The Subjective Dimension
The essays in this volume explore the subjective dimension of intercultural language learning, ranging from theoretical considerations to empirical studies and providing stimulating insights into this important area of study.
The Role of Corporeal Communication in Foreign Language Learning as Intercultural Experience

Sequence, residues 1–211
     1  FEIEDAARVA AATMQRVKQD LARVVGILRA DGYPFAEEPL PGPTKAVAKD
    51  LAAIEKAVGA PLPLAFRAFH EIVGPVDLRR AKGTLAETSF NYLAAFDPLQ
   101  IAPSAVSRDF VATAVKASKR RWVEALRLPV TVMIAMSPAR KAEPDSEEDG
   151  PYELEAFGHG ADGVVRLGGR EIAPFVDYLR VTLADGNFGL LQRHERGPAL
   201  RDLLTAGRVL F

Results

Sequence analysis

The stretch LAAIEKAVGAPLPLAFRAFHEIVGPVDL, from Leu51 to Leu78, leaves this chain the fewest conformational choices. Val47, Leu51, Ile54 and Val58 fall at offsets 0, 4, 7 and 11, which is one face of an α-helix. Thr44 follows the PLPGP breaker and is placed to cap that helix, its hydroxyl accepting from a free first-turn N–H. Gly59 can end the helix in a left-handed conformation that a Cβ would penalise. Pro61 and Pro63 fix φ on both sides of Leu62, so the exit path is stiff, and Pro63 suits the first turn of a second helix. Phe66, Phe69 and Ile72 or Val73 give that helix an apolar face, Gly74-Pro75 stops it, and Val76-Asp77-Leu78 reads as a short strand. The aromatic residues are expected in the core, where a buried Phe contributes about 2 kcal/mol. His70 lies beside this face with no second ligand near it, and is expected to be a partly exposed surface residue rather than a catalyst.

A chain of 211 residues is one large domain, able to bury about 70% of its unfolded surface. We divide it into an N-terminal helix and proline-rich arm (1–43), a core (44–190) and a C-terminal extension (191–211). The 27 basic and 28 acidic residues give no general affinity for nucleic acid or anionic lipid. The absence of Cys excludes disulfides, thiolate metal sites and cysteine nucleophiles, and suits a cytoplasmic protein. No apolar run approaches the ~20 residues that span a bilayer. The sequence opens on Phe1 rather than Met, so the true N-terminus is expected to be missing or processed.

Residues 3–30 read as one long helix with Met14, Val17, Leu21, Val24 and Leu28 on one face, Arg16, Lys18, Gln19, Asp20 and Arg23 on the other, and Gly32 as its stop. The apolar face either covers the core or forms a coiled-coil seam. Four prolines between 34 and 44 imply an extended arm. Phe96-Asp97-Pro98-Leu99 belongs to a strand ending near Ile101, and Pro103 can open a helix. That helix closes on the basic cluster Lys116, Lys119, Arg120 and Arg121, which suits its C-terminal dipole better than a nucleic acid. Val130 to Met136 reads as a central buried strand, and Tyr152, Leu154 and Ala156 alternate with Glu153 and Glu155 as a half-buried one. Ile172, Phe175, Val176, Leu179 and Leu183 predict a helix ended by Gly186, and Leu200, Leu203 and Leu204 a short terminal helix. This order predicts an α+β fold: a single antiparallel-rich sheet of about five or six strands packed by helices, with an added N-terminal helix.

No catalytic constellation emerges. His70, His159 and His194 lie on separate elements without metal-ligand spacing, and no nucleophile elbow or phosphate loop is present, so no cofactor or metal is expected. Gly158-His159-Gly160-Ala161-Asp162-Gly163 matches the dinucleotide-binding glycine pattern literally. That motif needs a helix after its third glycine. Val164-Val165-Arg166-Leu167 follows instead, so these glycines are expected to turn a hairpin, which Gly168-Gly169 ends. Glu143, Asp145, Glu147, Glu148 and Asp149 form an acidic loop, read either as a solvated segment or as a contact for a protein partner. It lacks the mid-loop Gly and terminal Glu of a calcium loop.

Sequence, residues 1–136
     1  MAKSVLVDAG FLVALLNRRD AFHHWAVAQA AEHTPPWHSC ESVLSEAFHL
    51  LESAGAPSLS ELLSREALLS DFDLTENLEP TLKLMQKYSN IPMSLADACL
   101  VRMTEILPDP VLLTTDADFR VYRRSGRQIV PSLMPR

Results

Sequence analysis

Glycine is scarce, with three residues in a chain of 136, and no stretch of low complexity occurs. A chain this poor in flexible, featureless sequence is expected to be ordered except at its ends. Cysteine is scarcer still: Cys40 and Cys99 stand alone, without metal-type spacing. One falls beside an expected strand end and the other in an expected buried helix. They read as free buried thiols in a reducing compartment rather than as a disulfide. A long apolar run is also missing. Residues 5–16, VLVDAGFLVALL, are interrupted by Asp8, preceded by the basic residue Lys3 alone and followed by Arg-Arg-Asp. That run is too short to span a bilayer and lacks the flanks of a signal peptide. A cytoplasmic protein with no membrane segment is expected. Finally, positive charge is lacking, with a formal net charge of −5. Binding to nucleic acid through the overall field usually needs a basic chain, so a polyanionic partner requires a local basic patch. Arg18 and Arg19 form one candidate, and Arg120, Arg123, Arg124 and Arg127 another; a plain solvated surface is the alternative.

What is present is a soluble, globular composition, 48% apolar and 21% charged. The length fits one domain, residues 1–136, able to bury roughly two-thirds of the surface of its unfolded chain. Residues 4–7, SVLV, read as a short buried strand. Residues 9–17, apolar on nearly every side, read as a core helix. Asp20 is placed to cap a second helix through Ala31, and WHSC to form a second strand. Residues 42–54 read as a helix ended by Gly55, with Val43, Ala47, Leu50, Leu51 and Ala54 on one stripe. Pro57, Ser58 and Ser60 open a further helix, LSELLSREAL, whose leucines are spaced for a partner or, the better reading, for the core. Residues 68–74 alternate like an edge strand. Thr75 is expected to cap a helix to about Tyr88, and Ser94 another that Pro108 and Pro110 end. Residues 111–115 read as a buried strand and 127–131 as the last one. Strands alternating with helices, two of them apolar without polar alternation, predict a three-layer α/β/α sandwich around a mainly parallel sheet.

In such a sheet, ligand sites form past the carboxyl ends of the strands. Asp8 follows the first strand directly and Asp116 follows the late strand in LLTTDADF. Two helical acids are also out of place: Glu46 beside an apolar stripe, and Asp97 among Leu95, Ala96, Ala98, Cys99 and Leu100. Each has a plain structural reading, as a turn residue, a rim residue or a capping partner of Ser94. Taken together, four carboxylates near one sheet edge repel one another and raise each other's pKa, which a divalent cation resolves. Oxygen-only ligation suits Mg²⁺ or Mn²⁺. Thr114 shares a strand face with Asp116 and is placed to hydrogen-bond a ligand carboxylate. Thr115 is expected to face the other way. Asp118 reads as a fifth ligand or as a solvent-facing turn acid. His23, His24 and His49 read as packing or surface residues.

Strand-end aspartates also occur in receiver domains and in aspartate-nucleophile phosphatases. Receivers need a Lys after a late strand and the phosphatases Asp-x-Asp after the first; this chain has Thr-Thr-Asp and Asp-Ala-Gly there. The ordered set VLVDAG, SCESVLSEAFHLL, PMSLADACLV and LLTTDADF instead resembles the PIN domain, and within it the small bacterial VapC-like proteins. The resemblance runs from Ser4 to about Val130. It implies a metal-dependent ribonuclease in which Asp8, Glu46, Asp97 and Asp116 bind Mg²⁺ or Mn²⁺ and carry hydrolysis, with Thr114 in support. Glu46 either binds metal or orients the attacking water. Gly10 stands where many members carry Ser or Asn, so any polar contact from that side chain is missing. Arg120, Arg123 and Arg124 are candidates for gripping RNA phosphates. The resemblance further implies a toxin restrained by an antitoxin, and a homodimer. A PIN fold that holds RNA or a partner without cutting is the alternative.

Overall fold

To address subjective experiences in intercultural encounters as far as foreign language acquisition is concerned invites discussion on a considerable number of scientific disciplines: first, those which pretend to determine what subjectivity of experience means, as analytical philosophy and cognitivist psychology, phenomenology and hermeneutics do. Second, those which are dealing with cultural matters as sociolinguistics, cultural studies, cultural psychology, crosscultural psychology, general vs. historical anthropology and crosscultural vs. intercultural studies. Third, those which contribute to language learning as language pedagogy, applied linguistics, speech act theory, psycholinguistics, learning psychology and learning theory. This list is probably just an approximation. The present paper will follow this threefold structure of dealing with the topic. Not being a linguistic contribution, this article uses the term ‘foreign language learning’ in a wider sense, ‘foreign language acquisition’ is considered to be a part of it.
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